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Life As an Assessor

Position Description Appraise real and personal property to determine its fair value. May assess taxes in accordance with prescribed schedules.

Assessor Responsibilities

  • Identify the ownership of each piece of taxable property.
  • Issue notices of assessments and taxes.
  • Inspect properties, considering factors such as market value, location, and building or replacement costs to determine appraisal value.
  • Explain assessed values to property owners and defend appealed assessments at public hearings.
  • Inspect new construction and major improvements to existing structures to determine values.
  • Write and submit appraisal and tax reports for public record.

Skills Needed to be an Assessor

Assessors state the following job skills are important in their day-to-day work.

Active Listening: Giving full attention to what other people are saying, taking time to understand the points being made, asking questions as appropriate, and not interrupting at inappropriate times.

Speaking: Talking to others to convey information effectively.

Reading Comprehension: Understanding written sentences and paragraphs in work related documents.

Critical Thinking: Using logic and reasoning to identify the strengths and weaknesses of alternative solutions, conclusions or approaches to problems.

Active Learning: Understanding the implications of new information for both current and future problem-solving and decision-making.

Social Perceptiveness: Being aware of others' reactions and understanding why they react as they do.

Types of Assessor

  • Multi-Township Assessor
  • Sole Assessor
  • Insurance Appraiser
  • Tax Appraiser
  • Certified General Mass Real Estate Appraiser

Job Demand for Assessors

In the United States, there were 80,800 jobs for Assessor in 2016. New jobs are being produced at a rate of 14.4% which is above the national average. The Bureau of Labor Statistics predicts 11,600 new jobs for Assessor by 2026. There will be an estimated 6,700 positions for Assessor per year.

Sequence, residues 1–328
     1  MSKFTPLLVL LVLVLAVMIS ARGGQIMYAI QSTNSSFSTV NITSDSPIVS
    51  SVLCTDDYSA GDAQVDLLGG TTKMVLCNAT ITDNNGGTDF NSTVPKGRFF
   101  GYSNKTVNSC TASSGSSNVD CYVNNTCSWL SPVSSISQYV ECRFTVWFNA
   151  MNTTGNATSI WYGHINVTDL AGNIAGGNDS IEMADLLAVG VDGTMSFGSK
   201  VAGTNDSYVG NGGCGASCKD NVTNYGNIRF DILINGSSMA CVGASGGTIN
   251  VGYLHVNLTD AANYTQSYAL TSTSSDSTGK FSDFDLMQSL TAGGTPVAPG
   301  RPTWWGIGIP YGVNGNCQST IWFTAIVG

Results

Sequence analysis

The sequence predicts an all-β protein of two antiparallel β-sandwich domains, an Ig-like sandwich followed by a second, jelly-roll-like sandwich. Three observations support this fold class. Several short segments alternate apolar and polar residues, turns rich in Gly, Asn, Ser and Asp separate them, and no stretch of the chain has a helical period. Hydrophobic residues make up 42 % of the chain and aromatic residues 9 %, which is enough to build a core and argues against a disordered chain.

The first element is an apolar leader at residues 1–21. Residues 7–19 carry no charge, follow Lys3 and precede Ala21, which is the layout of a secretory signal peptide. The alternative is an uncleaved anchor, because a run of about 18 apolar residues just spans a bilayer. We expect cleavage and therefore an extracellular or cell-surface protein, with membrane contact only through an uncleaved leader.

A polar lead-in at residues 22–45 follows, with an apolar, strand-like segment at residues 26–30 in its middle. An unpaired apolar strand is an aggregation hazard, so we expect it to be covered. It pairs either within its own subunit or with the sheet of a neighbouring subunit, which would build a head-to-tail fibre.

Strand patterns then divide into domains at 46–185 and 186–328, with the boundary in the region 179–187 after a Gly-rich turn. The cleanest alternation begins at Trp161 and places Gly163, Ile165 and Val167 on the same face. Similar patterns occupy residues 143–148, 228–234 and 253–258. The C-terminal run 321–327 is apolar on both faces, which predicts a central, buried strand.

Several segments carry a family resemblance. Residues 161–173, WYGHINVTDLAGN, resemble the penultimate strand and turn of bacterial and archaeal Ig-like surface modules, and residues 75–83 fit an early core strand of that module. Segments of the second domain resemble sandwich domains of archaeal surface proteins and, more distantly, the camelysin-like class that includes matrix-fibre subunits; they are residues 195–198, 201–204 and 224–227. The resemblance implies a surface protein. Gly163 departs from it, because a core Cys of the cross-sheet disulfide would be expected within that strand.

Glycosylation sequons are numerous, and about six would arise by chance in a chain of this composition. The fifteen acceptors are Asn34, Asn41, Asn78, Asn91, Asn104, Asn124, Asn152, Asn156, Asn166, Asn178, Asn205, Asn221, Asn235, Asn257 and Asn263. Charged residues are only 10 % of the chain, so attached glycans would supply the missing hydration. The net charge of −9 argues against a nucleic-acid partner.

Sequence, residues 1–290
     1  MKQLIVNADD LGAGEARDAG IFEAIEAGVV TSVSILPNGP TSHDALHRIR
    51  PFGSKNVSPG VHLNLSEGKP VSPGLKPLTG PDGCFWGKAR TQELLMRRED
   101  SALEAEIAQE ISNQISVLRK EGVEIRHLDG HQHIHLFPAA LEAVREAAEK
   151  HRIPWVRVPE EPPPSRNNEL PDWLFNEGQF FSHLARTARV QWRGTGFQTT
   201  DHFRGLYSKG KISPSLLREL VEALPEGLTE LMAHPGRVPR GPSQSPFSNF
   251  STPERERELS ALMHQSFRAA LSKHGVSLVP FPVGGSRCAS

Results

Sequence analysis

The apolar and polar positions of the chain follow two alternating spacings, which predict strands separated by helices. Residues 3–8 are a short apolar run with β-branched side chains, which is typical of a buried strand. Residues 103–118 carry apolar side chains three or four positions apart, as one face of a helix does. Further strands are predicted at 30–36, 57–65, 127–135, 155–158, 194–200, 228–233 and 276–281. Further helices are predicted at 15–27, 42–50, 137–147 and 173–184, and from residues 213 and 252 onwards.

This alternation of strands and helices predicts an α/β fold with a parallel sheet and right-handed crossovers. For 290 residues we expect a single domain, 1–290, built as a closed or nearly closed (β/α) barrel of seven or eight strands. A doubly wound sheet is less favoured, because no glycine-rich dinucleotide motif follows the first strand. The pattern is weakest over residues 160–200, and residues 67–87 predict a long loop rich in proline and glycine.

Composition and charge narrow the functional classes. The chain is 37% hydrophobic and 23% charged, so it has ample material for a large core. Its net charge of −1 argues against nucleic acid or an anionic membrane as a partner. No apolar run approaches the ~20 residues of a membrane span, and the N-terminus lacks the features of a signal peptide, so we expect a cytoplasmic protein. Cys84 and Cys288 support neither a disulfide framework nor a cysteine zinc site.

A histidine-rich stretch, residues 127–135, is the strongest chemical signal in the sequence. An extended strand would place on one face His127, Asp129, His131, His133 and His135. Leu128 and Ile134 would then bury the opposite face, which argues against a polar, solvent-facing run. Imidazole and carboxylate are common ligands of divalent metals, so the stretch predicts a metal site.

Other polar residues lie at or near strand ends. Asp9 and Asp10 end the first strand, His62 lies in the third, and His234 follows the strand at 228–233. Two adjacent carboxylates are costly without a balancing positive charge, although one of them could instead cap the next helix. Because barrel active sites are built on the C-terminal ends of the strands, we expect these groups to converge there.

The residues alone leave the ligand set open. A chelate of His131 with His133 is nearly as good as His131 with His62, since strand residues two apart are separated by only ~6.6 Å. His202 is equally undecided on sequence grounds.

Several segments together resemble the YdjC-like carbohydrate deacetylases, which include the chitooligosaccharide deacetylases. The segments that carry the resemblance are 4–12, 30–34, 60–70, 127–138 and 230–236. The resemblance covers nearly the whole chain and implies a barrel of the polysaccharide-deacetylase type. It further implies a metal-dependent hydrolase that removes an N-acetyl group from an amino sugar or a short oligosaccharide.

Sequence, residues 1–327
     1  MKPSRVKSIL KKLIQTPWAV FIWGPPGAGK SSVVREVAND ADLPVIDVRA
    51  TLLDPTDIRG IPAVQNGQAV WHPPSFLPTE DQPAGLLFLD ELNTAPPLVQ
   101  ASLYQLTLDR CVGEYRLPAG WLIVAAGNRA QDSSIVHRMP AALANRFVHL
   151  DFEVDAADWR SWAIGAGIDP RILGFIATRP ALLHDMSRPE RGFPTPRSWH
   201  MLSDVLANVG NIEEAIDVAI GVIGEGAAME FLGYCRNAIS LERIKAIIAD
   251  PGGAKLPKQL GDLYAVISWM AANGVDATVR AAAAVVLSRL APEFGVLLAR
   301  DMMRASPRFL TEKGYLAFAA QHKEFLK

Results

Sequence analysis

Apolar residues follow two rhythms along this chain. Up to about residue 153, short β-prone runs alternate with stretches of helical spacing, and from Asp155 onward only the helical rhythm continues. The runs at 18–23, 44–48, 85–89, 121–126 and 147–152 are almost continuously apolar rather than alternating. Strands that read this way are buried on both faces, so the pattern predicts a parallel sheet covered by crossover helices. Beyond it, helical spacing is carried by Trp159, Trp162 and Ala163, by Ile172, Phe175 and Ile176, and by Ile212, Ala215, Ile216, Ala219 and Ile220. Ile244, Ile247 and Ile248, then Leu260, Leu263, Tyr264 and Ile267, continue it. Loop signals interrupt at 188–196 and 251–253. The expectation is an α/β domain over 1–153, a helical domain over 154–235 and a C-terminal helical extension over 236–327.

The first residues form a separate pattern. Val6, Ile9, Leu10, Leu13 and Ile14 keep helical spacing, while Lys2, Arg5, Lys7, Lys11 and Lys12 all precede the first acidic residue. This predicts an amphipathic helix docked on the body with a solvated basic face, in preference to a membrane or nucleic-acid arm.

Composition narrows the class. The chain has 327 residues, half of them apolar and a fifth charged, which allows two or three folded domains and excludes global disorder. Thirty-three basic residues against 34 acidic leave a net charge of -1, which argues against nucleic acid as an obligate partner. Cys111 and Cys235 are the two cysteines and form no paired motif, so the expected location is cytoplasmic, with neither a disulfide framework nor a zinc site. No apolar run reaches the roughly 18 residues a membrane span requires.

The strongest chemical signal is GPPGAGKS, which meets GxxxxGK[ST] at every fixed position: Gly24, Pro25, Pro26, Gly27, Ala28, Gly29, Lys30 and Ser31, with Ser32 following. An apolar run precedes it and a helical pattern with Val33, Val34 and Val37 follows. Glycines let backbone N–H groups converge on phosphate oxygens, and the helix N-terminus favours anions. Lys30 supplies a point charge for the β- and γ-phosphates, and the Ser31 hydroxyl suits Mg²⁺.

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The states with the most job growth for Assessor are Utah, Nevada, and Colorado. Watch out if you plan on working in Maryland, Alaska, or Maine. These states have the worst job growth for this type of profession.

How Much Does an Assessor Make?

The salary for Assessors ranges between about $29,690 and $102,590 a year.

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Assessors who work in District of Columbia, Nevada, or California, make the highest salaries.

How much do Assessors make in different U.S. states?

State Annual Mean Salary
Alabama $54,340
Alaska $76,080
Arizona $49,330
Arkansas $45,180
California $84,130
Colorado $79,390
Connecticut $70,610
District of Columbia $93,730
Florida $53,900
Georgia $54,550
Hawaii $67,870
Idaho $53,090
Illinois $56,520
Indiana $48,740
Iowa $78,680
Kansas $56,800
Kentucky $46,740
Louisiana $52,310
Maine $60,120
Maryland $63,590
Massachusetts $70,150
Michigan $52,730
Minnesota $69,200
Mississippi $57,120
Missouri $55,190
Montana $46,490
Nebraska $71,370
Nevada $94,400
New Hampshire $70,840
New Jersey $73,200
New Mexico $44,710
New York $63,100
North Carolina $57,230
North Dakota $53,840
Ohio $69,650
Oklahoma $49,050
Oregon $69,040
Pennsylvania $59,830
South Carolina $54,130
South Dakota $49,100
Tennessee $57,320
Texas $59,310
Utah $52,280
Vermont $55,870
Virginia $60,420
Washington $69,770
West Virginia $40,710
Wisconsin $66,030
Wyoming $58,600

What Tools & Technology do Assessors Use?

Although they’re not necessarily needed for all jobs, the following technologies are used by many Assessors:

  • Microsoft Excel
  • Microsoft Word
  • Microsoft Office
  • Microsoft PowerPoint
  • Microsoft Outlook
  • Web browser software
  • Microsoft Access
  • Word processing software
  • Database software
  • Geomechanical design analysis GDA software
  • RealData Comparative Lease Analysis
  • Wilson’s Computer Applications RealEasy Appraisals
  • Softree Technical Systems Terrain Tools
  • Greenbrier Graphics Deed Plotter
  • a la mode WinTOTAL
  • Realty Tools Toolkit for Market Share
  • Govern Software Land and Permits Management System
  • Ascend Property Assessment
  • ValueTech Report Builder
  • Business Management Systems Municipal Geographic Management System MGMS

Becoming an Assessor

What education or degrees do I need to become an Assessor?

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How Long Does it Take to Become an Assessor?

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Where do Assessors Work?

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Below are examples of industries where Assessors work:

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You May Also Be Interested In…

Those interested in being an Assessor may also be interested in:

Those who work as an Assessor sometimes switch careers to one of these choices:

References:

Image Credit: Godrej Mamurdi Pune via Creative Commons Attribution-Share Alike 4.0 International

More about our data sources and methodologies.

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